• Assists in the implementation of company marketing plans as needed.

Boring? Yes definitely! It says nothing about you and what you’ve achieved. But…there is a way to use your job description to turn your resume from robotic to robust and it starts off by using just two phrases: “How did I?” and “How well did I?”

Think of each entry as an example and ask yourself:

  • HOW DID I meet or exceed the sales quota?
  • HOW WELL DID I meet or exceed the sales quota?
  • HOW DID I sell solutions and make recommendations….
  • HOW WELL DID I sell solutions and make recommendations?

Asking yourself those two phrases before each area of your job description will have you well on the way to writing powerful sentences that highlight your achievements.

Here’s an example of your draft response:

HOW DID I meet or exceed the sales quota?

  • I met and exceeded the sales quota by establishing a follow-up campaign where I called all clients every three weeks.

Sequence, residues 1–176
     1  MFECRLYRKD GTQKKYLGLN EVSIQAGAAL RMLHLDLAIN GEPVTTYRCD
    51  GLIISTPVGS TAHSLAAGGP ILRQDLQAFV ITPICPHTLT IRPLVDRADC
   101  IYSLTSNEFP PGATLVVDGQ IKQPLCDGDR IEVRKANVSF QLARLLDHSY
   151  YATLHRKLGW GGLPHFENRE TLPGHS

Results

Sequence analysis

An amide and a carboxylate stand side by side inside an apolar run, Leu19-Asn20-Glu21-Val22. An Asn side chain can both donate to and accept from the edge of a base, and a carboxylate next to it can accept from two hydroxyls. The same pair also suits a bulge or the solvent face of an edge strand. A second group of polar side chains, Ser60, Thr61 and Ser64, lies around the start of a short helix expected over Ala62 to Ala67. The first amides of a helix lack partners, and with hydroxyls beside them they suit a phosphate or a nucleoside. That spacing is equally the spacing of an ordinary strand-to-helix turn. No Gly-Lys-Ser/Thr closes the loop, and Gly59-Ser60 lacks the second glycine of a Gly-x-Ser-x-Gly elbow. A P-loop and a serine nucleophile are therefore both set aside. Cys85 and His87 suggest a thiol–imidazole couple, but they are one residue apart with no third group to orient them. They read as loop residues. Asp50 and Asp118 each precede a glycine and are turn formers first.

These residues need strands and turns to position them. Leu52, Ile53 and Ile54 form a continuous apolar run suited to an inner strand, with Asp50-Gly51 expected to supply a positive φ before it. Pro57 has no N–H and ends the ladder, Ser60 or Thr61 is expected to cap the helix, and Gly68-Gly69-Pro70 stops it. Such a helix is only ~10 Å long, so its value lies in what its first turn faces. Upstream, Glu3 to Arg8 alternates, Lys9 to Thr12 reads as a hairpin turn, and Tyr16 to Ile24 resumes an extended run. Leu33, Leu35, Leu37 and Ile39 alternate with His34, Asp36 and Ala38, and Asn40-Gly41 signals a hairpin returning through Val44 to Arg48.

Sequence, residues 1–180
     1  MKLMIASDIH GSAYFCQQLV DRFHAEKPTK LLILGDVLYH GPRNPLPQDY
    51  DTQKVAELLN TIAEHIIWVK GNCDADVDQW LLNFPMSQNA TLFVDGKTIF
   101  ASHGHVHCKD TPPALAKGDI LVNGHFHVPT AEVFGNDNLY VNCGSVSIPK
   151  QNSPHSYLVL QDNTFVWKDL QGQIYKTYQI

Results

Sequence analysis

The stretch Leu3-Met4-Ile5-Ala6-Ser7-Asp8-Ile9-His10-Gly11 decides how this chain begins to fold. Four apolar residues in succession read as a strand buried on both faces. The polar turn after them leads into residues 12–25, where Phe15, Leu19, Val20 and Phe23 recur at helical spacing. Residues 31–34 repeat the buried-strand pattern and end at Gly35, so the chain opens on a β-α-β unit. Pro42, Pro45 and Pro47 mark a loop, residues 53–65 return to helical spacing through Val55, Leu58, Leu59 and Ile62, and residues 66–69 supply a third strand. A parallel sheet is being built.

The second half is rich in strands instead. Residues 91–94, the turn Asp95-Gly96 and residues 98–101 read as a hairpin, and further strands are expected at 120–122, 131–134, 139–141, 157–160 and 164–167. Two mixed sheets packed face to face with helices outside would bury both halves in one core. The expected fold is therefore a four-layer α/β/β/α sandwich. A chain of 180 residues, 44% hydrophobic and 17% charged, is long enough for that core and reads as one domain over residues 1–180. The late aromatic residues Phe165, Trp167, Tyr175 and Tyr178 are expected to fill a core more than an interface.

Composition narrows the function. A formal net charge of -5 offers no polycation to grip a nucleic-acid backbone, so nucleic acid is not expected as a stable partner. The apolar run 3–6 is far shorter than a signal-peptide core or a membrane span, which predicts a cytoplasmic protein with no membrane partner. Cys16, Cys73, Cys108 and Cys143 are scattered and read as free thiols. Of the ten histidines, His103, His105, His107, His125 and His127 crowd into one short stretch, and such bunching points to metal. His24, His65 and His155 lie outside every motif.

HOW WELL DID I meet or exceed the sales quota?

  • I generated an average of $5,000 a week in repeat business which far exceeded the quota of $3,500 and beat my nearest competitor by $1000 a week.

The achievement in your resume then becomes:

  • Consistently exceeded sales targets by up to 43% and outpaced nearest sales team competitors by 28%. Successes attributed to personally developed follow-up campaign that kept product and company name at the forefront of customers’ minds.